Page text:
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Helping others follow in his footsteps Benefactor: John Glover puts aside his villainous ways to play the kindhearted host of a fund-raising showing of 'Love! Valour! Compassion!' His alma mater benefits.

THE BALTIMORE SUN

John Glover is tired of being a villain, but that isn't why he'll be on view at the Senator Theatre tonight as a genial benefactor.

The Tony Award-winning actor won't be playing a part this time. He is a genial benefactor, and he'll be playing host to a screening of his film "Love! Valour! Compassion!" to help his alma mater, Towson State University, raise money for a scholarship fund in his name.

Glover was one of the first students in Towson's theater arts program. He graduated in 1966, boarded a bus for New York and has been in theater, film and television ever since. And, yes, many of his memorable characters have been loathsome, venal and diabolical.

He was a killer in "52 Pick-Up," a cad in "Annie Hall" and "Julia" and a backstabber in "Scrooged." On his long, angular face, a smile can chill with menace or repulse with disingenuousness. To his great delight, Pauline Kael in the New Yorker dubbed him "one of the great rotters of the '80s."

Still, he admitted in a telephone interview last week from his home in Los Angeles, the bad guy tag is tiresome. "It's limiting that sometimes they won't give me other roles because I'm known as a villain," he said. "And when there is a really good villain role, they won't give it to me because I'm known as a villain, and that would give too much away too early. That's one of the reasons that I went back to New York and the theater a couple years ago. I felt stymied here. I understand it, though. This is a frightening business with a lot of money at stake. You don't want to take chances."

He has not always been a fiend. He won an Emmy nomination for his portrayal of a young man dying of AIDS in the television movie "An Early Frost." And the Salisbury native probably effected the most authentic Baltimore accent on television as Blair Brown's irritating cousin on the acclaimed television show "The Days and Nights of Molly Dodd."

In person, Glover, 52, is anything but villainous, especially as concerns Towson State. He started the scholarship in his name in 1992 and has spearheaded fund-raising efforts in its behalf ever since. As an official member of the TSU faculty, he also returns often to teach acting technique.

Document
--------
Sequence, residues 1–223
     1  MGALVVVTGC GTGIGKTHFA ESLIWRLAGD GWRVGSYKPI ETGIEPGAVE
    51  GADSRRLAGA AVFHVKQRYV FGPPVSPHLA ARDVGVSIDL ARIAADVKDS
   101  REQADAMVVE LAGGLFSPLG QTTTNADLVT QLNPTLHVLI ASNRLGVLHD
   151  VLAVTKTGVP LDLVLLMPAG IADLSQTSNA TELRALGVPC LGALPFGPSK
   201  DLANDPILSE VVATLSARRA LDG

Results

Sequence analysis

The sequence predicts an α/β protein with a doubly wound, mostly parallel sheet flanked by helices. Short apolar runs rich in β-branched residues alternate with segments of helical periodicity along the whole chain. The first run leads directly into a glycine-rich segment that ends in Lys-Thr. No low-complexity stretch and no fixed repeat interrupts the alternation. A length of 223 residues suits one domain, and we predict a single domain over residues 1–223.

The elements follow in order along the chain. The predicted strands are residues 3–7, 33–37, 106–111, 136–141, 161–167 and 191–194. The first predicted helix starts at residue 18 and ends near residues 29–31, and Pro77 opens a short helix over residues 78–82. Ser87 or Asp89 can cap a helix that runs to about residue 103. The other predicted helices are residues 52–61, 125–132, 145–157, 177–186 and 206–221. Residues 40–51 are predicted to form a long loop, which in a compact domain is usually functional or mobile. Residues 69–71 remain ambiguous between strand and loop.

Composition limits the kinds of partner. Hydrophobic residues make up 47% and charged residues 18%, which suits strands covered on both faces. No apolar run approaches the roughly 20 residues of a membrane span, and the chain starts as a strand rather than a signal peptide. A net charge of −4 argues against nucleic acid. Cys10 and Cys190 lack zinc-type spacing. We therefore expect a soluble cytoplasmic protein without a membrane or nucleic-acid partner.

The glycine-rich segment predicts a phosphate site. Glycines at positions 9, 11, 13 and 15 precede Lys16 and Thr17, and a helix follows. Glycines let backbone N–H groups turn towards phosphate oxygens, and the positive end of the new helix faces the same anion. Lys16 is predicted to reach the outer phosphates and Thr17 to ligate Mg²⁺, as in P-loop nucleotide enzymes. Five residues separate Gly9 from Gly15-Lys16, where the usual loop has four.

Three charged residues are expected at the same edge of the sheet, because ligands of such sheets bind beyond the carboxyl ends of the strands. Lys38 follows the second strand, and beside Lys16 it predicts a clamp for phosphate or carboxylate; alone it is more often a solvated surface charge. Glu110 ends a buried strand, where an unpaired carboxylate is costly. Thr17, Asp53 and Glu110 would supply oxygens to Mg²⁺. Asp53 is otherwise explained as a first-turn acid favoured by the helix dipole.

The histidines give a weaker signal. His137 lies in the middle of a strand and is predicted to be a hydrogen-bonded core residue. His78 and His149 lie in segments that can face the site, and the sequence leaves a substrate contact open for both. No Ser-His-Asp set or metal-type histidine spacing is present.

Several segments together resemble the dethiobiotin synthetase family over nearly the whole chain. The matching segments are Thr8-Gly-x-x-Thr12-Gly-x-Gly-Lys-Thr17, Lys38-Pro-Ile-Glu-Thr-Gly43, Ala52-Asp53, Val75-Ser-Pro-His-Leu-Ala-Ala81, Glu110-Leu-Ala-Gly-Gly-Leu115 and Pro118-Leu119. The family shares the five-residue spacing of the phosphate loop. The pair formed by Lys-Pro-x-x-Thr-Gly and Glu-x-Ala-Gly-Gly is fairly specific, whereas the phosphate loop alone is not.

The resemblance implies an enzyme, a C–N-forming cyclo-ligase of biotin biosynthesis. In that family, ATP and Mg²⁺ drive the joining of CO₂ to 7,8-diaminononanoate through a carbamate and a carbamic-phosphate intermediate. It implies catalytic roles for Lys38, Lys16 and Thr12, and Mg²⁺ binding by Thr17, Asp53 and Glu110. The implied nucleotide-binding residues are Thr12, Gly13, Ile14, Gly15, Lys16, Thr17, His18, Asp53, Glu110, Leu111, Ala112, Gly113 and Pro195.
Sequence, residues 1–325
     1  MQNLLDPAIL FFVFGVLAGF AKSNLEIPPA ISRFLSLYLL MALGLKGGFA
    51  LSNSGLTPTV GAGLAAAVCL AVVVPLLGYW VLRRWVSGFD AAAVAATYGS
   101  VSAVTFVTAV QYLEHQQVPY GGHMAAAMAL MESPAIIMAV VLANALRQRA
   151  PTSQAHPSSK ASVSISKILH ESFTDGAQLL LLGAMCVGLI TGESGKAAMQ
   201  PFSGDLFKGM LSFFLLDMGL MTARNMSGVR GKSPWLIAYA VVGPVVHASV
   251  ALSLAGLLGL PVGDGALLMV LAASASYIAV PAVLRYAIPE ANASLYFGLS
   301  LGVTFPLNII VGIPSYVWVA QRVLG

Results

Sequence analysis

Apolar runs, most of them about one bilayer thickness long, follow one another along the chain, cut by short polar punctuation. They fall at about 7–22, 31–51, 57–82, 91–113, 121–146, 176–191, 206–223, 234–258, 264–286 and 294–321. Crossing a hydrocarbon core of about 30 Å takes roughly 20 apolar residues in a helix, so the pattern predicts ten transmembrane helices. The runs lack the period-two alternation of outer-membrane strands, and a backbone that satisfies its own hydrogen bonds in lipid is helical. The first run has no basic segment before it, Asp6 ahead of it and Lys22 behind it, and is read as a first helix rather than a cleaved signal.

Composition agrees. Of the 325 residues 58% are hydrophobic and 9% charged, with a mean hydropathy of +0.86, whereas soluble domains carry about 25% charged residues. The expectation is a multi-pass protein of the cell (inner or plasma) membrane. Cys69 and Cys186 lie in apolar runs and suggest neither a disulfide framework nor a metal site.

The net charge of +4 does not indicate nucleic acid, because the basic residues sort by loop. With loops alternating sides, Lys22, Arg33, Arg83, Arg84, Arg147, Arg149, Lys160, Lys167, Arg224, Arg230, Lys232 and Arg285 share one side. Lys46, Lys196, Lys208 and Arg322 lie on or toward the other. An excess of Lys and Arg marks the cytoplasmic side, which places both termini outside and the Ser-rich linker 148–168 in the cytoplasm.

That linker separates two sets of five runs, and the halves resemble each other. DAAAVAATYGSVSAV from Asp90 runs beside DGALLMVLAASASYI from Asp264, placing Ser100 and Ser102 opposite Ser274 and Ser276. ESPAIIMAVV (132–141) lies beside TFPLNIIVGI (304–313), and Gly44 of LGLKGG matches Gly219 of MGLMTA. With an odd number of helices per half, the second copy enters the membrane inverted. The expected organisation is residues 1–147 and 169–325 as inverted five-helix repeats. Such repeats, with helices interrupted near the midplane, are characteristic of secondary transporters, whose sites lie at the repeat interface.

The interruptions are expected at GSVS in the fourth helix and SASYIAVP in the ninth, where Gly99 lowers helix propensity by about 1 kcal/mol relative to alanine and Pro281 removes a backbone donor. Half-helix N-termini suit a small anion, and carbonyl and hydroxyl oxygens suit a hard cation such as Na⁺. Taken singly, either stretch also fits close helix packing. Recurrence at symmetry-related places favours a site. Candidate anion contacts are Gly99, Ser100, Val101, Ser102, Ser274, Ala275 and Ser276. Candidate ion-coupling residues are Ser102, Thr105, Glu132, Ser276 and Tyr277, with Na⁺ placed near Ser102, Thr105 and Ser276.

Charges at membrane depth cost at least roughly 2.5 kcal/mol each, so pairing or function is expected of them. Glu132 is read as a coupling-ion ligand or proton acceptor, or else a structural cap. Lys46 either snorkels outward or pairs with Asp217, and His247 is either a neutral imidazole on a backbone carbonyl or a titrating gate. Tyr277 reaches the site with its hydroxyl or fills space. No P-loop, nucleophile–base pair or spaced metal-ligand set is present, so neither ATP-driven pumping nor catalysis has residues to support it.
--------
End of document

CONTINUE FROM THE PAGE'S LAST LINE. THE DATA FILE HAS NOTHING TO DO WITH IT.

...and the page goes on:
He demonstrates his own technique and his wide range in "Love! Valour! Compassion!" -- a film based on Terrence McNally's Broadway play about a group of gay friends who spend three holiday weekends in a country home. Glover plays two parts, identical British twins John and James Jeckyll. John is a self-loathing, unlikable cynic who has always resented his brother, a kind, buoyant man embraced by all John's friends. In the film, James is dying of AIDS, which compels John to contemplate his own failure to warrant affection.

"John tries to change, I think," said Glover. "He comes to a crisis point where he realizes if he's not careful he'll be alone all his life."

Glover earned a Tony for the role on Broadway. When McNally was asked to adapt his own play for the film, he insisted the entire Broadway cast be in the movie. Glover, along with six actors and director Joe Mantello, all signed on. Only Nathan Lane passed, and he's replaced in the film by "Seinfeld's" Jason Alexander. He plays Buzz, who falls in love with Glover's character James.

"Jason is remarkable," said Glover. "Within 15 minutes, he had become one of us. He did it by being himself. He's totally fearless."

Glover has been gratified to hear that "Love! Valour! Compassion!" has attracted strong audiences over the last three weeks in the limited markets where it's been released. It opens in Baltimore on Friday.

"Terrence takes eight gay men and gives the audience a play about human values and says, 'This is what it is to live,' " said Glover. "These are human beings living with the same kinds of concerns and problems as all people."

Glover is one of the few Hollywood actors who is openly gay, and while he believes the film industry is homophobic, he doesn't believe his sexual orientation is an issue in casting decisions.

His identification as a villain, however, is another story. Later this month, he returns to familiar ground when he plays Dr. Woodrue in "Batman and Robin." "He's a cross between Albert Einstein and Charles Manson," said Glover.

Perhaps as self-protection, Glover makes a distinction between the doctor and some of his other roles: "I don't think of him as a villain so much as a madman."

For now, he is not signed on for any other parts, but that doesn't mean there hasn't been interest. "A couple of villain roles came down the pike, and I was very, very strong," he boasted. "I said, 'Not for me.' "

'Love! Valour! Compassion!'

What: Benefit for the John Glover Scholarship Endowment at Towson State University

When: 7:30 tonight

Where: Senator Theatre, 5904 York Road

Tickets: $100 for reserved seat, $50 unreserved; includes reception afterward at the Polo Grill in the Colonnade

' Call: 410-830-3200

Pub Date: 6/04/97

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